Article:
Just downhill from the San Francisco end of the Golden Gate Bridge this past weekend, spectators gazed in awe as demolition machines ate at the elevated section of Doyle Drive.
That southerly approach was named, of course, for Sonoma County's late Frank P. Doyle -- second president of Exchange Bank, creator of the unparalleled (though currently suspended) Doyle Scholarships at SRJC and a prime mover in the financing and creation of the bridge.
With much of the 1936 roadway now razed as part of the $1.1 billion Presidio Parkway project, it's reasonable to wonder if the name Doyle Drive will go away with the rubble.
The official answer is no.
Presidio Parkway "is the name of the project," Caltrans spokeswoman Molly Graham said Monday. But nobody has proposed calling either the temporary replacement approach or the new, permanent one scheduled for completion in 2015 anything other than Doyle Drive.
None of this means there won't be some who call the new road-to-the-bridge "the Presidio Parkway." We can practice shooting a look that will cause them to recoil and ask if they've misspoken.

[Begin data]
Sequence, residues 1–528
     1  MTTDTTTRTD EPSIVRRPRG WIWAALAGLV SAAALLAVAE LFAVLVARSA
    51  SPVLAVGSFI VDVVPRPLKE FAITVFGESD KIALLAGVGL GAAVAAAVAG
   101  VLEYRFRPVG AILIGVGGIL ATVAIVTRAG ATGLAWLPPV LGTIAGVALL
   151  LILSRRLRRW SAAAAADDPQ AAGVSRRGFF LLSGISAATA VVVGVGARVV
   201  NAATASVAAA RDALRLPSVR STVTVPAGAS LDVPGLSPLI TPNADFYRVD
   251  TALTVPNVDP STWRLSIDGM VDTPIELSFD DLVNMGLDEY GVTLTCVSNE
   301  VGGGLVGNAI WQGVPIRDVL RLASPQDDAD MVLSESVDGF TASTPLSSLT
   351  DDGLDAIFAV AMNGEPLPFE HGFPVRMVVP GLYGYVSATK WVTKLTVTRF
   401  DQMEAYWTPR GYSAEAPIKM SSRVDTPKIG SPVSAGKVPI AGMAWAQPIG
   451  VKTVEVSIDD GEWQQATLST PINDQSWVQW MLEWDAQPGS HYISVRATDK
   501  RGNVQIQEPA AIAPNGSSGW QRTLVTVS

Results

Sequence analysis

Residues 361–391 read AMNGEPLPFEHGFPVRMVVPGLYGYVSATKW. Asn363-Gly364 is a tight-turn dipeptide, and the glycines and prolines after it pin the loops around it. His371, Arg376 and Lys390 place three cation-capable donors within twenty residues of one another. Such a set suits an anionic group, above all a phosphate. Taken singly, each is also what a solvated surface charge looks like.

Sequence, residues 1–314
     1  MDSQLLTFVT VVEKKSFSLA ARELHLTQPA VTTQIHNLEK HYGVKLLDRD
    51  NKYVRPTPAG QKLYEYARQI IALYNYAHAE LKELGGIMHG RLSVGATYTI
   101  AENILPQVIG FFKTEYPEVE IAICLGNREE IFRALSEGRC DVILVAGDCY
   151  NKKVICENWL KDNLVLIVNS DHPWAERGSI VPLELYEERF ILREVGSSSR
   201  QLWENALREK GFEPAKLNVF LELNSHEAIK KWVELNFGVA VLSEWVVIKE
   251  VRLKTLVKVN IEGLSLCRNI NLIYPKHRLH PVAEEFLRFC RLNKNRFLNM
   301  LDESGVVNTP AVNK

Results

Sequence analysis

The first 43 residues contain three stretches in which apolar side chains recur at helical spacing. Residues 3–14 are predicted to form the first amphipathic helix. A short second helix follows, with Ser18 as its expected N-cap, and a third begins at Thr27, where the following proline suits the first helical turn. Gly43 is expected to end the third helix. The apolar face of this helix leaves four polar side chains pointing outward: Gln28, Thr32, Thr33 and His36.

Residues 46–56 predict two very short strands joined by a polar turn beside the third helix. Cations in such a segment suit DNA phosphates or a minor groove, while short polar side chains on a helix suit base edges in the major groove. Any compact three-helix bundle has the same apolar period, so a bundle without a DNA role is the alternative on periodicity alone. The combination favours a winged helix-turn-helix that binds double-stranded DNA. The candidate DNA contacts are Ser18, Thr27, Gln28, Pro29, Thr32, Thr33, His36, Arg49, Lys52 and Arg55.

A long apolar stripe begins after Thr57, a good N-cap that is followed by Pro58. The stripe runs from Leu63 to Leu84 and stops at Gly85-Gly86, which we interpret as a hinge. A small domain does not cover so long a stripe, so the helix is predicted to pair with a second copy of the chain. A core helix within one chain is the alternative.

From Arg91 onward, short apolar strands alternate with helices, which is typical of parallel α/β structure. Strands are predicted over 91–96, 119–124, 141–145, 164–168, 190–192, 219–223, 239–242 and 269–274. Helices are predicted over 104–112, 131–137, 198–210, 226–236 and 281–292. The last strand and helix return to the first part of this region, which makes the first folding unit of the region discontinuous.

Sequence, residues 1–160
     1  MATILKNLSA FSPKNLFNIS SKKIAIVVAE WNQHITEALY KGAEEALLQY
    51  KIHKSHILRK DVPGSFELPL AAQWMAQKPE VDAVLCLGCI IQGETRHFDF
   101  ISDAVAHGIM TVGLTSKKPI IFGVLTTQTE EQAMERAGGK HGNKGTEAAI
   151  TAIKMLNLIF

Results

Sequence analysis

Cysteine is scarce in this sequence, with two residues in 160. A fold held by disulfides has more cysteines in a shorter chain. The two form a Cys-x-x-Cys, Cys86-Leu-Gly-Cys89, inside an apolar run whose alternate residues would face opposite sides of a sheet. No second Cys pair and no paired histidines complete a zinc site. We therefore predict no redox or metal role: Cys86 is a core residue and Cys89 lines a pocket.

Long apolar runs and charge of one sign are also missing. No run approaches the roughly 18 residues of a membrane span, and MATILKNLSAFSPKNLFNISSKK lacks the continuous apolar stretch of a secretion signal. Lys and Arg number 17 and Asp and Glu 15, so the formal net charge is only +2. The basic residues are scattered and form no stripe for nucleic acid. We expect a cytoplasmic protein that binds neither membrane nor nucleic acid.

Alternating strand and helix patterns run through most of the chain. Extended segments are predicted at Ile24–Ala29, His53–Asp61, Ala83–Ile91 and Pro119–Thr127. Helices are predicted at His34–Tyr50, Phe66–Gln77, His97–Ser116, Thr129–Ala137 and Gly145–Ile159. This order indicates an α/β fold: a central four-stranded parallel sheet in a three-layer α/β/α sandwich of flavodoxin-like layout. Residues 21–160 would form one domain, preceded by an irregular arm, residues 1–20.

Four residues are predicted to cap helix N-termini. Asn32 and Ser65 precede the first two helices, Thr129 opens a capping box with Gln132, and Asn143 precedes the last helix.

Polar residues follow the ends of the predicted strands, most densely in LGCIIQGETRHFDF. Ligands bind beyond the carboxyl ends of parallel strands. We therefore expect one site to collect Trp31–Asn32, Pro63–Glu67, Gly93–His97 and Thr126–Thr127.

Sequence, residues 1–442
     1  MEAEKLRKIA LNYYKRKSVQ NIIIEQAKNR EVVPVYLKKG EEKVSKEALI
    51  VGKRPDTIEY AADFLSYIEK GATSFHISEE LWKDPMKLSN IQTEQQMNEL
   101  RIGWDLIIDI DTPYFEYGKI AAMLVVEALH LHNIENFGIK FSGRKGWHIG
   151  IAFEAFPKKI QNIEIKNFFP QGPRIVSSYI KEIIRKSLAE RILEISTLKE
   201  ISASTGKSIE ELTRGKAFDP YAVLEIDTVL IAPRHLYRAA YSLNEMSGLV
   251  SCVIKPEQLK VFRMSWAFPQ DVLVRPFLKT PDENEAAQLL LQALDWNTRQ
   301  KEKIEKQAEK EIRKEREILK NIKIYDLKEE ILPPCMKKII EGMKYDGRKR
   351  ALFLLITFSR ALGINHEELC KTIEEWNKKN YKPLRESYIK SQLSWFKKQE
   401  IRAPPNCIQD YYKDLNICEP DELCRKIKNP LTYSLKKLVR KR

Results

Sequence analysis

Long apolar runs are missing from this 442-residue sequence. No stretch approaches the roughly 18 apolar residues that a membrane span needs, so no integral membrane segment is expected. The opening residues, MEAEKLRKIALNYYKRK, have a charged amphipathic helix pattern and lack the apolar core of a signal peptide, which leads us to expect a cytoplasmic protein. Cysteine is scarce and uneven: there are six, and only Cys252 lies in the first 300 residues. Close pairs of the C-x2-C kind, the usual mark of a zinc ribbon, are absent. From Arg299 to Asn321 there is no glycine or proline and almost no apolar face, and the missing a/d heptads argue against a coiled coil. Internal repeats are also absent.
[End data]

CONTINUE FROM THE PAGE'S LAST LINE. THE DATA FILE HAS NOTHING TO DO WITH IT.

To which we'll reply, "Well, frankly. . ."
HISTORIC WIN: Keep in mind as you read this that Santa Rosa High has never before entered the National History Day competition.
This year, seven students on two teams coached by teacher and History Club founder Dave Franzman entered. In the countywide competition, the three-member team placed first, and the four-member team placed second.
This past weekend, Franzman and his students joined more than 900 others at the statewide competition in Riverside. On Saturday, both SRHS teams finished in the final eight.
"That was just huge," Franzman said.
Sunday, the winner was announced: the SRHS team of Jonathan Brooner-Contreras, Sarah Andersen, Kyra Kennedy and Sarahi Robledo.
"I practically cried," their teacher said. They prepare now to represent California and present their project on women's rights at the national finals in Maryland from June 10 to 14.